It’s getting to the warmer time of the year when my phone is starting to ring with potential customers enquiring about outdoor lighting. As the either improves we all want to spend lazy evenings outside and outdoor lighting is a great way to extend the fun.
I tend to notice patterns of questioning from customers with a common question, can I use LED light bulbs outside? being asked several times this week. I thought a post covering the topic and a few related questions would provide some good value to readers so hopefully, you find this brief overview useful, enjoy!
Before you start plugging indoor lights into outdoor fixtures, there are some vital points to understand first. Not all fixtures are created equal, just as not all light bulbs are made the same. The location of outdoor fixtures also plays a significant role in deciding if an indoor bulb is adequate for the outdoor space.
Can You Use Indoor Light Bulbs Outside?
Indoor light bulbs can be used outside in the correct waterproof light fixture. Waterproof fixtures are designed specifically for places known to expect rain, snow, and high precipitation levels throughout the year. A UL (Underwriter’s Laboratory) listing and an IP (Ingress Protection) rating determine what an outdoor fixture is set up to be used for.
UL listings will appear as “UL Listed,” “suitable for damp locations,” or “suitable for wet locations.” A generic “UL Listed” refers to a dry indoor location, while the other two are easily identifiable as damp and wet locations that could be indoors or outdoors.
It seems from my research that UL listed is a phrase common to the US. As a UK based electrician, I am much more familiar with ingress protection (or IP rating for short) As the majority of my readers are from both parts of the world I will discuss both in this article!
Ingress protection rating is used on a scale as the image below demonstrates. It’s important to check that the IP rating of your light fitting used outside is suitably rated for the environment it is going to be used in.
Now, let’s look at four commonly used indoor light bulbs and if they can be used outdoors:
Can Halogen Light Bulbs be used Outside?
Halogen light bulbs designed for indoors should not be used in outdoor settings. However, two exceptions can be applied where a halogen light can be used outside. The first exception will be if the halogen bulb has a thick glass protection layer designed for rainwater and thermal shock. The second exception is if the bulb has been rated and approved for outdoor exposure, often seen in landscape floodlights.
Can Incandescent Light Bulbs be used Outside?
Indoor incandescent light bulbs can be used outdoors only in protected and enclosed areas not exposed to rain, snow, or damp environments (such as IP rated enclosures mentioned above) There are incandescent lights rated for outdoors if these are your preferred style, but double-check the packaging to ensure they are for outdoor use before installing.
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Can Fluorescent Light Bulbs be used Outside?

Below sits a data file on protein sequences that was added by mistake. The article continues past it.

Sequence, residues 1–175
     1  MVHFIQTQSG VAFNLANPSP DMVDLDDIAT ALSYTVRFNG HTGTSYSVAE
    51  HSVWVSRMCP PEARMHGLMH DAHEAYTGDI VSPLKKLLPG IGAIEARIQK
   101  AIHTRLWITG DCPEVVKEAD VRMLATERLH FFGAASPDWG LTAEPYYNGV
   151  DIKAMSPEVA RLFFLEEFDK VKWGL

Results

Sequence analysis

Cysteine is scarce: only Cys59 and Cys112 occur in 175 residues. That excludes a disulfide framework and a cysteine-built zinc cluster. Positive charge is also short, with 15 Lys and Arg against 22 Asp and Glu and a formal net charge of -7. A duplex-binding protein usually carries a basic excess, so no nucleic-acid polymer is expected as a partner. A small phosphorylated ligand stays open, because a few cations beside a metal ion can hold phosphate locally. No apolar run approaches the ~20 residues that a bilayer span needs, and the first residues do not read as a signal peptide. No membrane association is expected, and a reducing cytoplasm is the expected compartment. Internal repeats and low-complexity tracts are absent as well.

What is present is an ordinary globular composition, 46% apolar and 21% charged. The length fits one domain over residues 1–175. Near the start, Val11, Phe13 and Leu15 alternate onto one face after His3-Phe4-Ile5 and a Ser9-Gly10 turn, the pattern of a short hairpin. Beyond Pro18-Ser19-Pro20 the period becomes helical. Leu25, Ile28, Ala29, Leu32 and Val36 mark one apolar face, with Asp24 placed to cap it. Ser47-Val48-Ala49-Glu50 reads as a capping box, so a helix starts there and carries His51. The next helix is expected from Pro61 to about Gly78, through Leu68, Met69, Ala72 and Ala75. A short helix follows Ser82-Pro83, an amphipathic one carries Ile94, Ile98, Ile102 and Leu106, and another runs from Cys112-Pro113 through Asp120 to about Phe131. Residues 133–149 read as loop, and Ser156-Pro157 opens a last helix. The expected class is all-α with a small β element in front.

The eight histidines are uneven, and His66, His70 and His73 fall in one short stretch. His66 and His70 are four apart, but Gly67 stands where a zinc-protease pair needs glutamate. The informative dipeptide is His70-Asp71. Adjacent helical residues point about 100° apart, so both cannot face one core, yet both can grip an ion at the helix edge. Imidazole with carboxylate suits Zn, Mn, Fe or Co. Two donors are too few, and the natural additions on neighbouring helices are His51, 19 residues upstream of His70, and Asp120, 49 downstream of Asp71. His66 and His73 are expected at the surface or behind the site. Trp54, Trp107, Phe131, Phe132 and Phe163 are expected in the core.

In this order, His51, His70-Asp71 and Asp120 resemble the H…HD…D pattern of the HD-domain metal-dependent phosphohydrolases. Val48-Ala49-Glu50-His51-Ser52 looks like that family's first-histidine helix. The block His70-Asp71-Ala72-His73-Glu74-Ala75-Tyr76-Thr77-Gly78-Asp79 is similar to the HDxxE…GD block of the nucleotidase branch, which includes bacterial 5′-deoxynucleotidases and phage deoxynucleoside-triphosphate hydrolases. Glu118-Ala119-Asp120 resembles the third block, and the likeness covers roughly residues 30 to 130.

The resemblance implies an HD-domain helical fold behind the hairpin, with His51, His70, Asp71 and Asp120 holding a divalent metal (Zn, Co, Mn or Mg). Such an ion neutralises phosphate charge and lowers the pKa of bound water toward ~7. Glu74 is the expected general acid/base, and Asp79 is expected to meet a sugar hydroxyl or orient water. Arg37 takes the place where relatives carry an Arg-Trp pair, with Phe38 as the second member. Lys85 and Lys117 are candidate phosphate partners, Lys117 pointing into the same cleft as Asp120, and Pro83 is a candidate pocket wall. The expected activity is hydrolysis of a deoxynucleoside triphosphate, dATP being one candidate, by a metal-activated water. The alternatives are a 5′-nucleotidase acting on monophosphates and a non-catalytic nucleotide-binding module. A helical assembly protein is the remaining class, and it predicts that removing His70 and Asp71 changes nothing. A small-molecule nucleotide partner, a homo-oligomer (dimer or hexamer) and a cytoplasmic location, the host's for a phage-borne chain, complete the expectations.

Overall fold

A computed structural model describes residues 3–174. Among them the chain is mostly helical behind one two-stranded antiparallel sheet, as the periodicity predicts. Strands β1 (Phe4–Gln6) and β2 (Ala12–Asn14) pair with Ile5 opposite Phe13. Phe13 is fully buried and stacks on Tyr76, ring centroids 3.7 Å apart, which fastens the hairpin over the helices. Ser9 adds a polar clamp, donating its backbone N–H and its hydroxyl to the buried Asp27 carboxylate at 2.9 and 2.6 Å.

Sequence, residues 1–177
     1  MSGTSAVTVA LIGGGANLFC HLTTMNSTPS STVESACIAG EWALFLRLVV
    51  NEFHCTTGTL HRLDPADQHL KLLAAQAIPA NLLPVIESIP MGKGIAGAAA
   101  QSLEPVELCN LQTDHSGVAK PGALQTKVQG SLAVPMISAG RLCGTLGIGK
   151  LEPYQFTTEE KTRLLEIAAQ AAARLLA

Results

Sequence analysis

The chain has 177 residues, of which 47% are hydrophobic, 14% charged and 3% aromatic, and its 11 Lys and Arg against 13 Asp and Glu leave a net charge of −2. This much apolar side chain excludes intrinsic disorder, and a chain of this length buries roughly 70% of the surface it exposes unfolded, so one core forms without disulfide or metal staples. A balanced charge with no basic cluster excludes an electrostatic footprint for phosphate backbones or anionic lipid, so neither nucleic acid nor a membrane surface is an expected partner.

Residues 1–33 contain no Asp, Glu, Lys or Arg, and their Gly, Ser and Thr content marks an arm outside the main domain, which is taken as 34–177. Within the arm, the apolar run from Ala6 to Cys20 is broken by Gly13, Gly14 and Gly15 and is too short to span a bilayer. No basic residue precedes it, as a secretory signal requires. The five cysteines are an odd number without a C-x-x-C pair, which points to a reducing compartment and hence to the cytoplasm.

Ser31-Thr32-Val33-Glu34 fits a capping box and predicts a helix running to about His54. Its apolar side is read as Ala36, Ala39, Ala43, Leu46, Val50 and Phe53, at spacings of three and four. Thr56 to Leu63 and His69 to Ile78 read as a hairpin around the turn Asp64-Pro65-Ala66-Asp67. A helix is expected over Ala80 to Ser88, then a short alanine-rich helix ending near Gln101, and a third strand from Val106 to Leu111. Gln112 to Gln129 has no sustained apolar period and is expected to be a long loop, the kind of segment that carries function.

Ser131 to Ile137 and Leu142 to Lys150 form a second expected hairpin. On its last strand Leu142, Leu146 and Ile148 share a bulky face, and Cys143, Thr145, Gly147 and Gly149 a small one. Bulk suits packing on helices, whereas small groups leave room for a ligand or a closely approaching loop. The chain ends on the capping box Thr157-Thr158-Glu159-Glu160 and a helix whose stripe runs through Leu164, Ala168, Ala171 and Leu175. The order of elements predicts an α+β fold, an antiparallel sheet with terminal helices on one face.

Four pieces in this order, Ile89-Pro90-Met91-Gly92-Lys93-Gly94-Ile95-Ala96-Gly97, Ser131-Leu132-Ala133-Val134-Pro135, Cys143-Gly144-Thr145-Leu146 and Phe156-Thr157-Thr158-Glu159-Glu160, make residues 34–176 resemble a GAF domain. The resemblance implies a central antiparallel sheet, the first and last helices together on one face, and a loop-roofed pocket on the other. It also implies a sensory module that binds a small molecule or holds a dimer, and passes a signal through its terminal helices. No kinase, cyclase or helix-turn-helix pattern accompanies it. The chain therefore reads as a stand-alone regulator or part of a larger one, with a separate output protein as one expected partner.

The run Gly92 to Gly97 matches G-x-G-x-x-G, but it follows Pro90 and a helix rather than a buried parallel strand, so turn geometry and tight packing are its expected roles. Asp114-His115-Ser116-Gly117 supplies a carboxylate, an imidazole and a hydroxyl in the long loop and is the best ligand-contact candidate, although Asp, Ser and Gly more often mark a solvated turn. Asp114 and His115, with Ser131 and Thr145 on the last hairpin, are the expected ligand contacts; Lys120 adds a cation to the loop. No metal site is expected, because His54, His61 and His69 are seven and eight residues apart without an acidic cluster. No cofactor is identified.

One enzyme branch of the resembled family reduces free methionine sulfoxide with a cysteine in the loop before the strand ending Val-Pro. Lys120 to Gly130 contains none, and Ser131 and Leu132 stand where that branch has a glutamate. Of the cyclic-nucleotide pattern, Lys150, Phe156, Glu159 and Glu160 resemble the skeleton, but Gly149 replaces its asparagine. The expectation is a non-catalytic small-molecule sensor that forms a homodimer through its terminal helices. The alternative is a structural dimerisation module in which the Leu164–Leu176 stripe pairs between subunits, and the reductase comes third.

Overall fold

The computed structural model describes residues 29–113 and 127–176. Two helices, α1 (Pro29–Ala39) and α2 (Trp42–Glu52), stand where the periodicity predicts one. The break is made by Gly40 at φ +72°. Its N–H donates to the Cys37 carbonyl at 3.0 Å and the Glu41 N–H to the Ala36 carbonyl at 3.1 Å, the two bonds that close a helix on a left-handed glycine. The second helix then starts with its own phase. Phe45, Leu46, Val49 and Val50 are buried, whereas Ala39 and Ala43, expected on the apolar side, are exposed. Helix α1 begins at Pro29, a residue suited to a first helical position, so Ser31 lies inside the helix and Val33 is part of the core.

Fluorescent light bulbs are not typically used outside, but if there is a reason that one is needed, it is essential to pay attention to the temperature rating. There will be either an ambient or operating temperature specified on the packaging or the light itself. If the outdoor temperature becomes too cold or too hot, the light will not work correctly, if at all.
It’s worth remembering that even using fluorescents indoors requires the same attention to temperature ratings since shops, sheds, and garages will have fluctuating temperatures even if they are insulated.
Can Compact Fluorescent Lights be used Outside?
Spiral CFLs (compact fluorescent lights) are best kept indoors. CFL lights will work in warmer weather like fluorescents but not when the temperature drops in the fall and winter seasons. Referring to the IP rating, most CFL bulbs are rated for dry environments found inside the home or office. That’s not to say they cannot be placed in an IP rated fitting but they won’t perform nearly as well as other types of bulbs available. (My favourite brand of Spiral CFLs is linked to on Amazon here)
Can LED light bulbs be used outdoors?
LED (Light Emitting Diode) light bulbs can be used indoors and outdoors providing they are in a suitable IP rated enclosure. Unlike other bulbs that do not react well to colder weather, LEDs will turn on and off as expected since they do not require heat to work correctly.
These lights are well-suited for damp conditions, rain, snow, and above-average precipitation. Operating from a cooler temperature ensures the efficiency of LED bulbs during fall and winter when the temperatures are consistently colder than the rest of the year.
If we have a non-replaceable style LED light (ie the whole light fitting is an LED, not just a standard fitting with a replacement LED bulb) we need to check if the light is ok to be placed outside. Again check the IP rating against the chart above and if it complies we are good to go.